SBA Loans VS PPP Loans
The Paycheck Protection Program (PPP) was a lifesaver for businesses trying to stay afloat during the economic downturn. Finder reports that most borrowers were approved for around $67,647 — but that type of money can only be stretched so far.1 Now that the program is over, some business owners may require additional financial support and not know where to look. Fortunately, there are alternatives to the PPP loan that can help businesses continue to thrive. Find out which ones you’re eligible for with a search online.
One bureau to look into for loans is the Small Business Administration (SBA). With a quick online search, you can discover the various loans available to small business owners.
Here are some alternatives to PPP loans.
Types of SBA Loans
The Small Business Administration can help your financial needs as a small business owner. An SBA loan can connect you to lenders that specifically work with small businesses. Lenders have less risk working with borrowers because the SBA guarantees a portion of the loan amount if a borrower defaults on their loan. That number can be anywhere from 50 to 85 percent.2
There are six different types of SBA loans to consider. The most common is an SBA 7(a) loan that provides anywhere from $30,000 to $5 million to small business owners. To qualify, you’ll have to have good credit and business history. Interest rates can fall between five and 10 percent. Additionally, repayment terms typically don’t exceed 10 years.
The money from this loan can be put towards:
- Funding startup costs;
- Equipment purchases;
- Buying new land;
- Repairing existing assets;
- Expanding existing business or acquiring a new business;
- Refinancing debt, and;
- Purchasing inventory, supplies, and more.3
Another helpful form of financial aid is the Economic Injury Disaster Loan (EIDL). As of October 8th, the SBA raised the cap on this particular loan from $500,000 to $2 million. Business Insider explains how it’s similar to the PPP and designed to help small business owners recover from the ongoing health crisis.
To be eligible for this loan, you must be a small business with 500 or fewer employees and have been in business since January 31, 2020. You can use the funds toward operating expenses over 24 months, including:
- Buying equipment or materials;
- Paying off debt, and;
- Prepay commercial debts and federal business debts.4
Some businesses may also qualify for the other SBA loan types. The remaining four loans are:
- SBA CDC/504 Loans: For purchasing owner-occupied commercial real estate.
- SBA CAPLines: A line of credit that can be used again.
- SBA Export Loans: Financing for exporters to bolster their activity.
- SBA Microloans: Working capital loans of up to $50,000.
Benefits of SBA Loans
You’ll quickly learn that there are plenty of benefits to choosing an SBA loan. Firstly, the requirements tend to be more relaxed compared to traditional banks. Cadence Bank explains how businesses that wouldn’t necessarily qualify with a bank would have less issues borrowing money with an SBA loan.
The down payments can also be lower. For instance, you can pay an equity contribution as low as 10 percent with the favorable SBA 7(a) loan. The repayment terms are also longer, which allows businesses to save cash in the short term and have more time to worry about paying the money back.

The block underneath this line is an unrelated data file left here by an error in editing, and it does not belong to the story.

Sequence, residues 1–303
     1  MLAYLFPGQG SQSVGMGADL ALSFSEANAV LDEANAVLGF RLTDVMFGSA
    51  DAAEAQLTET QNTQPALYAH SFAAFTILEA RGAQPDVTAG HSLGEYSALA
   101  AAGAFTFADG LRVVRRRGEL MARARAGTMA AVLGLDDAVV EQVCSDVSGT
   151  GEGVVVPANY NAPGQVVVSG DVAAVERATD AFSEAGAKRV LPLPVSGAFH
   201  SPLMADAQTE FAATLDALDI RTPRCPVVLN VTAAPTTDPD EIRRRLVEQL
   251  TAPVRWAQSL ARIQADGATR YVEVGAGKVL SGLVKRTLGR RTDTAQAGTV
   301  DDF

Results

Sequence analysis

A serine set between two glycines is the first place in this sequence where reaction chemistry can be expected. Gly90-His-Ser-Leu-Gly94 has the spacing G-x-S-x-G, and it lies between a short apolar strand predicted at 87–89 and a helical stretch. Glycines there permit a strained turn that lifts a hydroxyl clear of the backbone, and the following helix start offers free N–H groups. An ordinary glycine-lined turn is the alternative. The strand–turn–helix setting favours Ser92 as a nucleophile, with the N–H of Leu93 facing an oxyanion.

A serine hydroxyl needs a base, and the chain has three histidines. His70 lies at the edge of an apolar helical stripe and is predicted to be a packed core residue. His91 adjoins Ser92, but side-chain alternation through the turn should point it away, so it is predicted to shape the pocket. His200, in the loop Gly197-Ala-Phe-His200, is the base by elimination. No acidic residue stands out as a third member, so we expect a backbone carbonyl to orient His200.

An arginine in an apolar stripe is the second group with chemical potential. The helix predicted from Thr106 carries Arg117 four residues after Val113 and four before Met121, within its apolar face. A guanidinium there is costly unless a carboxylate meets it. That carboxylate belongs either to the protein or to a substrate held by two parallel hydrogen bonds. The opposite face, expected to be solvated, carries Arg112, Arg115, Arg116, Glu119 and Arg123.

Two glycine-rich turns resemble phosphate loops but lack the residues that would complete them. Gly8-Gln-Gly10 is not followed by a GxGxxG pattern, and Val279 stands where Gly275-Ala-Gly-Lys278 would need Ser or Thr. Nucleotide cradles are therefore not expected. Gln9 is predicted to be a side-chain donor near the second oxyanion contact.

Another perk to SBA loans is how both new and already established businesses can apply. Whether you’re a startup or have been operating your business for years, the regulations allow a wide variety of industries to be eligible.5
While there are plenty of positives, it’s also important for businesses to be aware of potential negatives. LendingTree says some of the cons related to SBA loans include:
- Making a down payment;
- Collateral could be required;
- Personal liability if the business defaults;
- Slow approval process, and;
- Low-credit applicants are generally not approved.
How to Apply for an SBA Loan
It might be time to apply for an SBA loan if your business is in need of financial assistance. The sooner you get started on the application process, the sooner you can be approved for a loan and get the money.
Start by searching online to find the Small Business Administration website. On the SBA website, you can read more details about each of the different loans to find out which one can meet your needs the best. From there, you’ll have to find a lender.
You will have to answer some questions about your business in order to be matched with a lender. It’s important to have certain information ready before speaking with lenders. Potential lenders may want to know your:
- Business plan;
- Amount and use of funds;
- Credit history;
- Financial projections;
- Collateral, and;
- Industry experience.7
After you fill out the questionnaire, you will be matched with lenders that expressed interest in your loan. This is the time to speak with lenders about your needs and plans as a business. You will want to compare rates, terms, fees, and other financial information before choosing a lender. You can submit loan applications and paperwork once you’ve come to an agreement with a lender.
If you want to learn more about how the SBA loan process works, see if you can find a training course. SBA resource partners can prepare you for the application steps in coming up with a business plan and demonstrating their ability to repay the loan.